You and Your Friend's Friends

Dear Engaged Bystander: The more I hear stories from friends and colleagues, the more I see the power that we each have to influence others. As a mother, I don't always have as much time as I'd like to read all the books I'm interested in, but this one captured my attention. It's called, Connected: The Surprising Power of Our Social Networks and How They Shape Our Lives by Nicholas A. Christakis and James H. Fowler. If you have not read this book, at least read the NY Times Book Review.

Here is what I find so exciting. Christakis and Fowler have found that obesity (among many other behaviors) spreads by contagion. "So if your friend's friend's friend -- whom you've never met, and lives a thousand miles away -- gains weight, you're likely to gain weight, too. And if your friend's friend's friend loses weight, you're likely to lose weight, too." They go on to talk about the spread of everything from sexual practices of teenagers (prevalence of oral sex) to suicide.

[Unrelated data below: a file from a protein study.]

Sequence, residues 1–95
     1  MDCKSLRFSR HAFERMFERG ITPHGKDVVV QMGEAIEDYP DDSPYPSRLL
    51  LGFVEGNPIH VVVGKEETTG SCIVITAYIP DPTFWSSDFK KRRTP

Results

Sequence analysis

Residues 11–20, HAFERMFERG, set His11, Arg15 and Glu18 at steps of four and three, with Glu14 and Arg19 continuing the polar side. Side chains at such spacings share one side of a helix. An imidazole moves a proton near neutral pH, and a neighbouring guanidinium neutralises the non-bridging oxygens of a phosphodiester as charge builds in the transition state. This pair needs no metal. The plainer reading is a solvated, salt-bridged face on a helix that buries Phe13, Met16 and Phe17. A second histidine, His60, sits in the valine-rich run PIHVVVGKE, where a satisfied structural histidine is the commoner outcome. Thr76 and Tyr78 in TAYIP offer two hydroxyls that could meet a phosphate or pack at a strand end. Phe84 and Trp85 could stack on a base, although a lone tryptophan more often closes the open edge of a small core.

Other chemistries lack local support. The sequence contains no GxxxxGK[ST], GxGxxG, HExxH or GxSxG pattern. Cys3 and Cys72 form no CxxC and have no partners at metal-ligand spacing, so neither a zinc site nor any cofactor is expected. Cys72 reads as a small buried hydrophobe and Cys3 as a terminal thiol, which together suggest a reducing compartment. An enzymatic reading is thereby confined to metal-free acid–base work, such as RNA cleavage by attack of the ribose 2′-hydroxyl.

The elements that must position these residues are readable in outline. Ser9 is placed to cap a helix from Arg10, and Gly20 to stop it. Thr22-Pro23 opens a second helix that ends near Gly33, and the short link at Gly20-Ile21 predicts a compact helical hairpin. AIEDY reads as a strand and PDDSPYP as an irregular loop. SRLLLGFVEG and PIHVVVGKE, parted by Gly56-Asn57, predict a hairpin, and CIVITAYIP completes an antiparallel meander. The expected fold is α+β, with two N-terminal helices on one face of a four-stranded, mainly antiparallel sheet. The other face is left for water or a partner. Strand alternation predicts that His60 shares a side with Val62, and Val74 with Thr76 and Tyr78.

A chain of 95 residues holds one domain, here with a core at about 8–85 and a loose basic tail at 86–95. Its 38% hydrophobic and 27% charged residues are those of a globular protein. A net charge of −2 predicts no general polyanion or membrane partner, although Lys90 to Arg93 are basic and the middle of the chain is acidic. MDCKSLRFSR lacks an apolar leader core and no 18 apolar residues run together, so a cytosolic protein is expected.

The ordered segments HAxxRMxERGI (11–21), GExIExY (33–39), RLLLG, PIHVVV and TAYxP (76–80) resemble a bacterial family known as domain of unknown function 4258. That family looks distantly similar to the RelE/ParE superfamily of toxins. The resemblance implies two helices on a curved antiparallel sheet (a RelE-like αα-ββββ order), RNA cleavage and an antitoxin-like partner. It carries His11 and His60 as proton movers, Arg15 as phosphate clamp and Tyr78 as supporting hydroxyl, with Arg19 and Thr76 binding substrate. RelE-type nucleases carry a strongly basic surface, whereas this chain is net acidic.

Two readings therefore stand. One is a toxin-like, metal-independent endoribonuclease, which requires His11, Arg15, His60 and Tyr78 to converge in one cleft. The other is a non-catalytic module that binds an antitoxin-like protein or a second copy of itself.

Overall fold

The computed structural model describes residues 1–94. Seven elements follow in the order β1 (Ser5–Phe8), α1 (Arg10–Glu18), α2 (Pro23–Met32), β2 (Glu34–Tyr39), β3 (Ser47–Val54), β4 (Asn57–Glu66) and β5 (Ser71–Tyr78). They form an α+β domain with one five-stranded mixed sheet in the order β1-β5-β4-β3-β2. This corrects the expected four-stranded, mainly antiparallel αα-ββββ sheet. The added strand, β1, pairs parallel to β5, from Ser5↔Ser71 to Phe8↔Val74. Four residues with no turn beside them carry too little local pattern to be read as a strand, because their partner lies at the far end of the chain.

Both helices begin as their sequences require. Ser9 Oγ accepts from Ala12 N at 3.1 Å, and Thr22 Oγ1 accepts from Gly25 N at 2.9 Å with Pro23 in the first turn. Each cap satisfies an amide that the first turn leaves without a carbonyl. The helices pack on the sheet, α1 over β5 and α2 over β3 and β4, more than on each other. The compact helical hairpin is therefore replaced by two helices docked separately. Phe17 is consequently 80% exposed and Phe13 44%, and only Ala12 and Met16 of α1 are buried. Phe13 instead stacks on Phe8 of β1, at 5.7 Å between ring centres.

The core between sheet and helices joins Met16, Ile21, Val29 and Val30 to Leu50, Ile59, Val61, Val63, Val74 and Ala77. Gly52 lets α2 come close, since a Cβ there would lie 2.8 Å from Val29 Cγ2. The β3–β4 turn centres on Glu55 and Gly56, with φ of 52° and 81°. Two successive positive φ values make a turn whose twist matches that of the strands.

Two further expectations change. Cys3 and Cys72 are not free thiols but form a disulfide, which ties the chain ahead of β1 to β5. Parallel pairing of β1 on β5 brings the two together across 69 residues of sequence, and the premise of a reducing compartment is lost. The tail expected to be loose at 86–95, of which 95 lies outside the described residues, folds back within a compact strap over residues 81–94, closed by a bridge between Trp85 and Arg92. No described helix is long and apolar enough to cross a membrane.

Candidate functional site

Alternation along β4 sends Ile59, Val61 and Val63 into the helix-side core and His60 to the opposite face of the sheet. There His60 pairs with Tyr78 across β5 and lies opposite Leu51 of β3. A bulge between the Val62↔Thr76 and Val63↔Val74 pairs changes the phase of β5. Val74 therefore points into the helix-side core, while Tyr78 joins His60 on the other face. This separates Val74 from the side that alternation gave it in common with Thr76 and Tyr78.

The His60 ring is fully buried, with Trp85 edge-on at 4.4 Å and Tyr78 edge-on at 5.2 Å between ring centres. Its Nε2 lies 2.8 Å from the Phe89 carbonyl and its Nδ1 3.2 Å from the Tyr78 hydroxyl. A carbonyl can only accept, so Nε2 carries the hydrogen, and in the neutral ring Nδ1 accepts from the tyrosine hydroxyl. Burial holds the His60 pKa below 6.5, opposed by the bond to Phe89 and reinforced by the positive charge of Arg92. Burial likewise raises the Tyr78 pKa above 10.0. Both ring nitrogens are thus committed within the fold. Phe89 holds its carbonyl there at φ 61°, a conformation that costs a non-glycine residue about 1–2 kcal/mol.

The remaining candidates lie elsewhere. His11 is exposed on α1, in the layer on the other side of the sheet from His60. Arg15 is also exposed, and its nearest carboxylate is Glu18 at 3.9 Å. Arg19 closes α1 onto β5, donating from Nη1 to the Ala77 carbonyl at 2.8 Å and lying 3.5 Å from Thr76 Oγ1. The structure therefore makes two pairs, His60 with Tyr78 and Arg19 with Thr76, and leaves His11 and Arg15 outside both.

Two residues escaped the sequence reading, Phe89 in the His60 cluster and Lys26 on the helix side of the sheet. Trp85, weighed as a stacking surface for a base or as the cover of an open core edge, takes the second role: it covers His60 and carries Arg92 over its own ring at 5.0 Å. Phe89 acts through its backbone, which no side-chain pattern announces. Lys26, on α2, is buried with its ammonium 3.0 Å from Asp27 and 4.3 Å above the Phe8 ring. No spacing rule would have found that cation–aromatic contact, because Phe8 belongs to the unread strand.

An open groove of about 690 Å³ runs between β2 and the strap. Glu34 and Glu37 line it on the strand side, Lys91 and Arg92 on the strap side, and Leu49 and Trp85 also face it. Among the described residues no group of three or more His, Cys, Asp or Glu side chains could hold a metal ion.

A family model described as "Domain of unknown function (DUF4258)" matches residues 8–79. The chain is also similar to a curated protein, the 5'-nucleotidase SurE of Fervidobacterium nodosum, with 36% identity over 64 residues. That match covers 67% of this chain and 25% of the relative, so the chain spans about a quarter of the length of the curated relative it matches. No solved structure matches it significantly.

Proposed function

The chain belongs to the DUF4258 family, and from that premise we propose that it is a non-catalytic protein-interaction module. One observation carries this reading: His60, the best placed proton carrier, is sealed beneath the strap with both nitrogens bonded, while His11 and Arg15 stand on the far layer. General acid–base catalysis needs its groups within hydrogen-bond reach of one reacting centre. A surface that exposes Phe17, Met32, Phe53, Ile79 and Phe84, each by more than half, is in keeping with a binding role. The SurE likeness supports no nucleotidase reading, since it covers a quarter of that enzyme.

So if we can spread all of these behaviors, why not use this as a model to spread bystander engagement? If we can begin to spread the stories of engagement by talking to our friends about our own engagement, and when appropriate, taking action - according to Christakis and Fowler, it will spread like a contagion.

And for us, that would be great news.


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Submitted by David Lee on

Social networks are important for change.
Thanks Joan for this post. I wrote a blog about this research last fall. Considering social networks as a key element to change might be more important than individual education.

Submitted by jtabachnick on

Thanks David for your comment and for the link to your great blog entry. As I see the use of social networks expanding exponentially online, I totally agree with you that these networks will be key to social change.